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Languages In China: What To Know

Posted by Ethan N. on November 24, 2023.

Given its size and lengthy and complex history, China has an astounding degree of linguistic diversity that remains unmatched in the world today. Go on to discover more about several hundreds of dialects and languages in China.

1. The History of language in China

China’s history is quite lengthy. The Chinese empire underwent several expansions and contractions over thousands of years. With every new territorial expansion, new ethnic and cultural groups were assimilated into China.

There were many bloody conflicts that coincided with the rise and fall of different Chinese dynasties. Political unrest gave rise to wars, which in turn caused social unrest and starvation. As a result, waves of refugees were compelled to move from one area to another, taking their languages and dialects with them (Hakka is a classic example of this). Several thousand years of turmoil contributed to the dispersion of several languages in China around the empire.

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In many cases, refugee groups sought protection in isolation from other people. When spoken separately, their spoken languages developed in a variety of ways while holding onto some of their initial linguistic characteristics. They gradually changed into the several languages spoken in China today.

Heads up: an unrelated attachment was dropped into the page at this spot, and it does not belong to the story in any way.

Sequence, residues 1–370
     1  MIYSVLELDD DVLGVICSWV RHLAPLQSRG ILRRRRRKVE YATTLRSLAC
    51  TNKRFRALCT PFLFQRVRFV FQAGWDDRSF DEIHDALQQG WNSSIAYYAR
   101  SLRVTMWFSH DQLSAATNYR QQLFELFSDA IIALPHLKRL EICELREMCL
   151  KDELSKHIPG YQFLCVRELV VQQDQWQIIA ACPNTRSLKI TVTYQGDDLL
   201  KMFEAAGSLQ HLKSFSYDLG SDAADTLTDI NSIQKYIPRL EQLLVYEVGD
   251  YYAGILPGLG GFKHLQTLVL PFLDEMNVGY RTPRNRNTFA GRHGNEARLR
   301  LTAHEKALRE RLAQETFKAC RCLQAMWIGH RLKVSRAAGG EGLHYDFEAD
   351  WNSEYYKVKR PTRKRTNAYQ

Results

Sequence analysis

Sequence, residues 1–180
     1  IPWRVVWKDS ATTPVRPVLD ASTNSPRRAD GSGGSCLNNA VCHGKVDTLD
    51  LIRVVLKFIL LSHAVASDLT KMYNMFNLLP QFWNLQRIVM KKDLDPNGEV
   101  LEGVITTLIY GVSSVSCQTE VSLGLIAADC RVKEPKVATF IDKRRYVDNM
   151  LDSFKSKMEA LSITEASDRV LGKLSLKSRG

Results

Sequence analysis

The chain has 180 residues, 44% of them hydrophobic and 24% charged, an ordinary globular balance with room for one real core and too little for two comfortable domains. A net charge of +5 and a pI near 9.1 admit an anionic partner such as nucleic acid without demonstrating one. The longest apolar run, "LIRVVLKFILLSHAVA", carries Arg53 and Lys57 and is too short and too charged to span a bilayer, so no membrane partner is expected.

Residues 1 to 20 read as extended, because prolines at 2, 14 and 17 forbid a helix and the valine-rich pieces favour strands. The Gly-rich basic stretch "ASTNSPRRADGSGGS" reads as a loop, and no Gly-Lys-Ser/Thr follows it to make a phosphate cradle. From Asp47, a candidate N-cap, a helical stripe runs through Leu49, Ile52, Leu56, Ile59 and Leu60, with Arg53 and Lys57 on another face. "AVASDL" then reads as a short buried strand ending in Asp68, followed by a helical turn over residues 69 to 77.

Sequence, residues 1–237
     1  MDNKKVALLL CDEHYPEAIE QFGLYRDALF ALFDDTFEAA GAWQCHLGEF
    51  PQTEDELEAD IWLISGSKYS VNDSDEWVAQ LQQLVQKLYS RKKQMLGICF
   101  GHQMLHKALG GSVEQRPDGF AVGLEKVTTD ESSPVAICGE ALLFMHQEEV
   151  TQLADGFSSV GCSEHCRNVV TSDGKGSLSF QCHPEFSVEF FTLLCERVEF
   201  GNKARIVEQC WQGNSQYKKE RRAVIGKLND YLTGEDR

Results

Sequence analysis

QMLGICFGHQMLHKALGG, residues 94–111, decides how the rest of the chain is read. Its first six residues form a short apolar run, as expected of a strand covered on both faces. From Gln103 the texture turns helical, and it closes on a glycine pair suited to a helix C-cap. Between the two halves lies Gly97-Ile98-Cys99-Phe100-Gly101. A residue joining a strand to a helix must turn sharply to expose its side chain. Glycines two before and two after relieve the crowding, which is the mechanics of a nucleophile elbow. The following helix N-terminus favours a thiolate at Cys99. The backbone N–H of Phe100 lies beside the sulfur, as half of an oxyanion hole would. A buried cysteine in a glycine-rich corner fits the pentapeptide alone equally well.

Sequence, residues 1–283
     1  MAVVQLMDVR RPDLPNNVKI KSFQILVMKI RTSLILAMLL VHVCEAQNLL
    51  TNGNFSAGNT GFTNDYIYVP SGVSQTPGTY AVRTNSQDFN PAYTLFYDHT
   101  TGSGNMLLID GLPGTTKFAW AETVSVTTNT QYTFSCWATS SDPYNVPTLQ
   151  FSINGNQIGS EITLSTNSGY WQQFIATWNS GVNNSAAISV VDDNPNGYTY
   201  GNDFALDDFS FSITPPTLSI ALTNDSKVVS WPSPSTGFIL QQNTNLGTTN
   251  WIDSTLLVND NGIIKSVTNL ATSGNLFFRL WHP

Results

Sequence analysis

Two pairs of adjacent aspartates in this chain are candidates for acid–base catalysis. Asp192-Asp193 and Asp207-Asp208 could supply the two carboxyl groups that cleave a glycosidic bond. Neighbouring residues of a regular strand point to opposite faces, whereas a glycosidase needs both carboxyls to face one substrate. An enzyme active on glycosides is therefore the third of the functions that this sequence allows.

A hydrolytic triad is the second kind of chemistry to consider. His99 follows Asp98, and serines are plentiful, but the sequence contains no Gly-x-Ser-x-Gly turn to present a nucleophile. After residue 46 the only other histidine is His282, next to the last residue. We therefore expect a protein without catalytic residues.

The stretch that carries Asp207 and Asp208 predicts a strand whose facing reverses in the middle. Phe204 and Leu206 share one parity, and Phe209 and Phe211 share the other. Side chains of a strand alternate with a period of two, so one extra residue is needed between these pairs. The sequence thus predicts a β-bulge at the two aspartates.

2. The Chinese written language system

Simplified Chinese 

The streamlined form of traditional Chinese characters is known as simplified Chinese characters. One way to simplify traditional characters is to make them more streamlined by using fewer strokes. Simplified counterparts take the place of radical ones. Mandarin refers to Simplified Chinese characters as JiƎntɐzì.  

The goal of the communist leaders’ massive promotion of it during the 1950s was to educate the masses. Improved literacy rates among the populace is the goal, with a particular emphasis on mainland China.

Mainland China, Malaysia, and other countries utilize Simplified China. Over the past ten years, the Chinese government has made significant efforts to advance Chinese as a universal language.

Pinyin: Jiǎntǐzì
Traditional Chinese: 簡體字
Simplified Chinese: 简体字

Traditional Chinese

One of languages in China, traditional Chinese characters—called fán tɑ zì in Mandarin—are a writing system. This is an illustration of the Chinese writing system prior to reform. The main script in Taiwan, Hong Kong, and Macau is still traditional Chinese, which can be explained by the fact that the 1950s reforms had little effect there.

Even though Malaysians who speak Chinese still understand and utilize traditional Chinese, the country uses simplified Chinese for educational purposes.

Pinyin: fán tǐ zì
Traditional Chinese: 繁體字
Simplified Chinese: 繁体字

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3. The language spoken in China

Mandarin

Putonghua, or standard Chinese, is the official national language of mainland China. Among the Mandarin-speaking communities, it serves as a common language. It is used by almost 70% of the Chinese population.

There are several varieties of Mandarin. Beijing, Southwestern, Jilu, Malaysian, Taiwanese, Singaporean, Zhongyuan, Northeastern, Lan-yin, etc. are a few examples.

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The dialect used in Beijing and, to a lesser extent, other parts of mainland China provides the basis for the standard version. It is regarded as the second most frequently spoken language worldwide.